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What the offset between the driver and the mouth does NOT do is change Fb at all, which makes me wonder why this would be considered a better solution compared to just using a low inductance driver (which is usually found in better motors) in a smaller box (because it requires no such offset) that would achieve the same Fb.

Its the total horn lenghtm from throat to mouth, what provides the acoustic impedance to the driver and sets the -3db point.
I wouldn`t look to much to the high horn resonance`s in the modelling programm. Its been written by Tom that the most modeling software do tend to model these with too much reactance loading effects.

It is the low frequency response of the TH112 that i find very strange and can`t track this back with an basic script in akabak.

If I’m getting what you say correctly, the simulation you posted using a 11mH coil in series with the driver drops the impedance minima from 44Hz, (normal for a 44Hz Fb) to around 38Hz

Indeed this is also a side effect of the coil and having a relative shorter port sets the unwanted port resonances a little higher. If you look to the excursion plot you also notice u much lower excursion at the passband.

gr. Marcel
 
Marcel,

Additional excursion with the same voltage applied would increase sensitivity, but without seeing with and without the series inductor and the frequency, impedance and excursion response, the information still is not complete.

Also would be interesting to see the voltage required to hit 15mm excursion above Fb.
 
Its the total horn lenghtm from throat to mouth, what provides the acoustic impedance to the driver and sets the -3db point.
I wouldn`t look to much to the high horn resonance`s in the modelling programm. Its been written by Tom that the most modeling software do tend to model these with too much reactance loading effects.

It is the low frequency response of the TH112 that i find very strange and can`t track this back with an basic script in akabak. [/quote[

I was able to get something pretty close to the published FR and impedance curve of the TH112 by taking the published external dimensions, calculating the volume, subtracting about 20%, and then using Hornresp to come up with a TH of similar layout (longer than expected L45 segment) and similar impedance curve (peaks and dips in approximately the same locations). The Fb is definitely set by the distance of the driver from the throat, not the complete length of the horn. The behaviour at and above Fb is set by the expansion along the path, and I was able to approximate that by using a small S1 as indicated by the line diagram of the TH112's internals. Adding some figures for segment stuffing / lining in the Hornresp sim gets the FR even closer to the published spec.

The only issue is that the overall sensitivity of the sim does not match the published sensitivity. It's off by 5dB.

I was going to do a BOXPLAN for the TH112 layout to fine-tune the sim a bit further but, like in the case of the TH-SPUD, I'm not sure that I see any gain in doing so. Taking the same driver, using it in a more "traditional" TH of less volume with less compression at S1 seems to produce a better passband FR in the Hornresp sim, at least in my eyes.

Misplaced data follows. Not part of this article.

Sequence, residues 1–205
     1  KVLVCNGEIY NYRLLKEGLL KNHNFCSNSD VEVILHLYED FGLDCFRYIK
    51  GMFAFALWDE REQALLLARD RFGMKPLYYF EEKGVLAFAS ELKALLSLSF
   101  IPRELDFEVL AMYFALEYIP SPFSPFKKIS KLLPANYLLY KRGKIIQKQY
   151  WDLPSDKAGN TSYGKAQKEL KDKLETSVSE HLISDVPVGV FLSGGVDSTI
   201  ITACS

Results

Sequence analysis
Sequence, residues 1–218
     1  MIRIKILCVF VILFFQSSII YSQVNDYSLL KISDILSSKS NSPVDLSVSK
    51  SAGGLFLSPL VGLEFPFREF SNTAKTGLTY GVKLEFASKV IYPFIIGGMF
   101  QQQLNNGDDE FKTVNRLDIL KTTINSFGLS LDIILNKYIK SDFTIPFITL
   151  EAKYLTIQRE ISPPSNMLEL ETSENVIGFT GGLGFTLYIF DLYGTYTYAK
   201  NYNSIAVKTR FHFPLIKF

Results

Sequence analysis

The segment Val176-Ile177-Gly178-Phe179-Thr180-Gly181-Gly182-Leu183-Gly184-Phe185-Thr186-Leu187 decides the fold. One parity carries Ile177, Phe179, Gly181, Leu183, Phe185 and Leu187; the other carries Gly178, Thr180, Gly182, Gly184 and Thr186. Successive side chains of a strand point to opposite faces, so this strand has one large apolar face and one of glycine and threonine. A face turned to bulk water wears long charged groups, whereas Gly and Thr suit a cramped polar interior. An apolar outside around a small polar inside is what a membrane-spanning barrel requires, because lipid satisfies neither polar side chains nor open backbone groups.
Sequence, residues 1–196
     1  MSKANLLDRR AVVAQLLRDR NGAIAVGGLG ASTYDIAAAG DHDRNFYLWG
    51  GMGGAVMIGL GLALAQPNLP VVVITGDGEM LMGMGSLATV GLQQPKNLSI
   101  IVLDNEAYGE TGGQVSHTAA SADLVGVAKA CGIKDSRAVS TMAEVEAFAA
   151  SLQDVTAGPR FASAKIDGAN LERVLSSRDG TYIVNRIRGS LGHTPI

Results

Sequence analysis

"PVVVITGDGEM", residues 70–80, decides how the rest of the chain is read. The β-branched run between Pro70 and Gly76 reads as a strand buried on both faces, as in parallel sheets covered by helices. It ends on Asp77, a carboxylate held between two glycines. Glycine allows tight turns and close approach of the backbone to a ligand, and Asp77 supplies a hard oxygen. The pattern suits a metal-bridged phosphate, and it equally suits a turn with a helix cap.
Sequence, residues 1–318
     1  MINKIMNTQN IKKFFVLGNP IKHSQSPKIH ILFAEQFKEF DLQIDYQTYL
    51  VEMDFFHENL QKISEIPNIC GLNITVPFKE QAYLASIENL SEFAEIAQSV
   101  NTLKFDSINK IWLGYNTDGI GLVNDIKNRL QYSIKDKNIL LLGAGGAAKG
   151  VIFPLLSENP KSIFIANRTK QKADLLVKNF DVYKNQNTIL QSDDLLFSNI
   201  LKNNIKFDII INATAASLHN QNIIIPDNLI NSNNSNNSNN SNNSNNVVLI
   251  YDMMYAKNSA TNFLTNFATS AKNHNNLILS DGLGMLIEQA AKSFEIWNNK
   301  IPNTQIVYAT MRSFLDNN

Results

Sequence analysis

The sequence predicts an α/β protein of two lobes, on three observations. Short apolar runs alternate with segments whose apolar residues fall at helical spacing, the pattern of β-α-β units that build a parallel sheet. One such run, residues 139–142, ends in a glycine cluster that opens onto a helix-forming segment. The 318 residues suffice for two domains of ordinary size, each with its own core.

The Fb is definitely set by the distance of the driver from the throat, not the complete length of the horn.

If not there is no possibility to reach the 27hz horn loading of the TH112. (See the null in the impedance plot from danley`s). It looks like to me the distance from the throat to the driver back side is to short for this. The total horn resonate at a quarter wavelenght.

I am curious if you are able to model the falling frequency response from 38hz to 27hz according the danley specs. At 27hz you see soft knee where acoustic loading stops. At first sight i would think this is a non lineair kind of response like a restricted air flow from a to small portion in the horn, but i am not sure. I had once modeled the TH (lab12) from Don Snijder and that simulation plot did gave me similair results as his measurements in the low cutt off area.

Also would be interesting to see the voltage required to hit 15mm excursion above Fb.

You could multiply this from the previous excursion plot as there there are not none lineair lumped elements in the model. PS: I wouldn`t rely too much on these models as exact data.
 
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Oh dear, I see what was happening. When I changed L45 in my model, Hornresp was happily adding the change to L34 to keep the path length the same, sigh.

The behaviour around the cutoff frequency is influenced by the compression at S2.

This is the model I came up with, based purely on driver parameters, external box size and the impedance curve. It probably needs to be adjust a bit to make it a more accurate representation of the TH112 fold.
 

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The behaviour at and above Fb is set by the expansion along the path, and I was able to approximate that by using a small S1 as indicated by the line diagram of the TH112's internals.
The only issue is that the overall sensitivity of the sim does not match the published sensitivity. It's off by 5dB.
Brian,

DSL used two different frequency response measurements in the spec sheets for the TH-112, the 3/4/05 is 3dB less sensitive than the 8/11/05.

The upper two frequency response peaks in the 3/4/05 match the 3/4/05 impedance peaks, the "more sensitive" 8/11/05 upper peaks do not.
Both spec sheets use the same impedance chart, though it is unlikely that the more sensitive cabinet has the same impedance response as the less sensitive unit. Both spec sheets
The impedance drops to 5 ohms (both spec sheets claim 5.3 ohm 53 Hz minima, chart looks like 5 ohms), so 20 volts (4 ohm standard) or 22.3 volts rather than 28.3 volts would be more appropriate for a "1W/1M" sensitivity rating.

The later spec sheet indicates cabinet weight has increased by 8 pounds (3.6 kilograms), similar to the weight difference between a driver like the B&C 12PZ32 and the DSL-12.

Art
 

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If i see it correctly i see the tef freq. response measurent
uses 2 different frequency resolutions 3.5hz vs 7.5hz. This explains the smoothed response. In the old plot the lowest 27hz knee cant be reconized.
But i can't exclude there are also other factors
that plays in here.

gr. marcel
 
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This is the model I came up with, based purely on driver parameters, external box size and the impedance curve. It probably needs to be adjust a bit to make it a more accurate representation of the TH112 fold.

The frequency response of your model if very close to danley`s measurement specs. Do you know what acoustic component horn response is adding when fill the horn with a quantity of damping (polyfill for instance)?

gr. Marcel